Lake Co. police offer refuge for addicts in new substance abuse program

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Beginning Wednesday, there is an offer of refuge for those ready to get treatment from an unlikely source: the police. (WLS)

As Lake County officials battle a growing heroin epidemic, they are attempting to tackle both supply and demand. Beginning Wednesday, there is an offer of refuge for those ready to get treatment from an unlikely source: the police.

Those with addiction issues typically avoid police interaction, but now Lake County police stations may be salvation for those trying to get clean.

"There's no need to fear any arrest. If you have drugs or paraphernalia on you, we will take it from you and get you the help you need," says Chief Eric Guenther, Mundelein Police Department.

"It will not just make our community better; it's the right thing to do," says Lake County State's Attorney Mike Nerheim.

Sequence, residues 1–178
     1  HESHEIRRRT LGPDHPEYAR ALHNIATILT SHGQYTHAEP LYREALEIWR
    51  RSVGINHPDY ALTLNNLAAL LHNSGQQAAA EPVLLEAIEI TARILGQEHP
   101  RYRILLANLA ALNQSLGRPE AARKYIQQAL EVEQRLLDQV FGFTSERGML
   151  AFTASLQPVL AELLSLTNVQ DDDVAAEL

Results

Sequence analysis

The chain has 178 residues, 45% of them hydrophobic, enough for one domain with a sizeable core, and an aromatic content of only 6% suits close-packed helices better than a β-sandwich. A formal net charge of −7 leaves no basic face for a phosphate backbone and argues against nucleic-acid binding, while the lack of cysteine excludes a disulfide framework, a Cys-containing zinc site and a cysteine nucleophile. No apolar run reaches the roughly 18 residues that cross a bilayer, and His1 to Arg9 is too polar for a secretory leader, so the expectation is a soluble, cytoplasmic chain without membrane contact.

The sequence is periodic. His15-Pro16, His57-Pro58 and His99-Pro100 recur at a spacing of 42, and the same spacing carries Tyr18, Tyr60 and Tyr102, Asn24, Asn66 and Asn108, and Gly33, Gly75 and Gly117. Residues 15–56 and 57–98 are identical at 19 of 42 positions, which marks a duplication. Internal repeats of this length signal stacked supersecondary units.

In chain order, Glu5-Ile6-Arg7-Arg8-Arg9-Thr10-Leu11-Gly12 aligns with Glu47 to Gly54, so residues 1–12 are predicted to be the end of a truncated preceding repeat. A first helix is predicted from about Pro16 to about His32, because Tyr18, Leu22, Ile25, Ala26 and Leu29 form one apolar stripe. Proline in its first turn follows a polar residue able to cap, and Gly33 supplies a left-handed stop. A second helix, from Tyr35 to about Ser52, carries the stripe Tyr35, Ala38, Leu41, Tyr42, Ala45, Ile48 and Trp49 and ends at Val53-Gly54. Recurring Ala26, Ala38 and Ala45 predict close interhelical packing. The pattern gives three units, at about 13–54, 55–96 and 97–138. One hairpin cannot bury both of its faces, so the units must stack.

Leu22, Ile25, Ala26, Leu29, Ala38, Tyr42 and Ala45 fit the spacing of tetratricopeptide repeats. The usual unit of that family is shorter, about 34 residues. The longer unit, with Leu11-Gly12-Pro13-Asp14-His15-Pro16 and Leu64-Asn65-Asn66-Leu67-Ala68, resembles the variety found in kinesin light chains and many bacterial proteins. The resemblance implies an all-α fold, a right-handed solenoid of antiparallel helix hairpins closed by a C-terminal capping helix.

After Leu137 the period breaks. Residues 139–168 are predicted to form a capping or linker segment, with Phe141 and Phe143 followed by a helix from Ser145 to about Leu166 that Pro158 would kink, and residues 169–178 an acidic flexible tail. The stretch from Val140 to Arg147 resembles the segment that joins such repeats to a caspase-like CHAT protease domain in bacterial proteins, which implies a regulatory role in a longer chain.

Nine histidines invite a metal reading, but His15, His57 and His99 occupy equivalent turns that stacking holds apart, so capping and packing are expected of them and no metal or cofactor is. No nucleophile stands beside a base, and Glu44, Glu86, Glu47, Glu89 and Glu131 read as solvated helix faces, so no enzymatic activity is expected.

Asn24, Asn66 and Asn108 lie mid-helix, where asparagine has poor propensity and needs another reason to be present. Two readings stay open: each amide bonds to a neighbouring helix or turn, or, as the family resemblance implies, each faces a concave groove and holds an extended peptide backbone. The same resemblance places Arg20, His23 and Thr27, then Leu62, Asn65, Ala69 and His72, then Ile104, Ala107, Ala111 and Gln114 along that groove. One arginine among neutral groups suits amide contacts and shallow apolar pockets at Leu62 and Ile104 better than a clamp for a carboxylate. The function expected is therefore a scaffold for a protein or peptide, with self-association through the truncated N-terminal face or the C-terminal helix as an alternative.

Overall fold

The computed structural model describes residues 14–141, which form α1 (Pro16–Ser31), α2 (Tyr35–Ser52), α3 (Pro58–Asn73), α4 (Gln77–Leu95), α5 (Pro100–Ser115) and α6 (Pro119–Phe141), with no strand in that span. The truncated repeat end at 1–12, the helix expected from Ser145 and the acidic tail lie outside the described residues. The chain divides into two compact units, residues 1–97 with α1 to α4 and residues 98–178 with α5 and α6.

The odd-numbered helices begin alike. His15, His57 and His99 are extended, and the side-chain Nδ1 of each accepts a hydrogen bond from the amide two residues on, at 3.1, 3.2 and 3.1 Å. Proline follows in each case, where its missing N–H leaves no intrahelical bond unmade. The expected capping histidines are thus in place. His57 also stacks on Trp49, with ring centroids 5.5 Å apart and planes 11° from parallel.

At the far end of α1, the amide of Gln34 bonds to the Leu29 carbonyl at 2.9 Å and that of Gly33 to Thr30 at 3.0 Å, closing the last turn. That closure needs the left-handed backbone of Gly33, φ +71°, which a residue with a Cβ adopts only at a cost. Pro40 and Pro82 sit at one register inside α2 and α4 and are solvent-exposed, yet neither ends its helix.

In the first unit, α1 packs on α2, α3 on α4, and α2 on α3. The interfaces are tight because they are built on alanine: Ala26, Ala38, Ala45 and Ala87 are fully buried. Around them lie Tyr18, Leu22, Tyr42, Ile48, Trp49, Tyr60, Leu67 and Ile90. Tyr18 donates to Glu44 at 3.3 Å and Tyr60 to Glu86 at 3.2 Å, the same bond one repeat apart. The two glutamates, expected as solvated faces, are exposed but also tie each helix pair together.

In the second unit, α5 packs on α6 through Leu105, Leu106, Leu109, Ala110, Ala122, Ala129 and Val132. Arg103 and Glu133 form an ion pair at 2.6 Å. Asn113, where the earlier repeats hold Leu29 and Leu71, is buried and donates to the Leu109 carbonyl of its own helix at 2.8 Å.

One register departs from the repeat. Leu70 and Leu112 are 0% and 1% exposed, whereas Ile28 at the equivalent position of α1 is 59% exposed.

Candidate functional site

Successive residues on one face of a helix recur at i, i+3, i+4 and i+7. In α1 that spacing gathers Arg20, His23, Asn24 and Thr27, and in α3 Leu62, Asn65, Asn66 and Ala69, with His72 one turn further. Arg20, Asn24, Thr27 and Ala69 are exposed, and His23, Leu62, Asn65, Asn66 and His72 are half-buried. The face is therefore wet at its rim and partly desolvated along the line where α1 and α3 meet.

The new program is called "A Way Out." Lake County officials produced a video to introduce it, showing an example of an addict coming into a police station and getting support instead of a criminal arrest.

Kevin Kaminski played the addict in the video, and it was a role that resonated personally. For years he was using heroin and getting arrested. He says he even tried to get help but was turned away.

"That's just discouraging, especially to a heroin addict who is trying anything they can to quit using," Kaminski says.

Kaminski is now clean and helping to craft A Way Out. He says the program offers an addict a better chance at recovery because they will get support immediately.

"Nobody is going to be stuck waiting six or eight weeks," he says.

The Franco family, of Mundelein, also support the program and will share the information with other families of addicts; their 26-year-old grandson Gabriel died from a heroin overdose.

"I believe my grandson would be alive today if he'd had something like this," says Francisco Franco.

"We are here to remember him and do this in his honor, because he was a good man," says Loni Franco.

A Way Out is based on a program from Gloucester, Mass., which has already seen a reduction in addiction-related crime.

Related Topics:
newshealthpoliceaddictiondrug addictionheroinLake County
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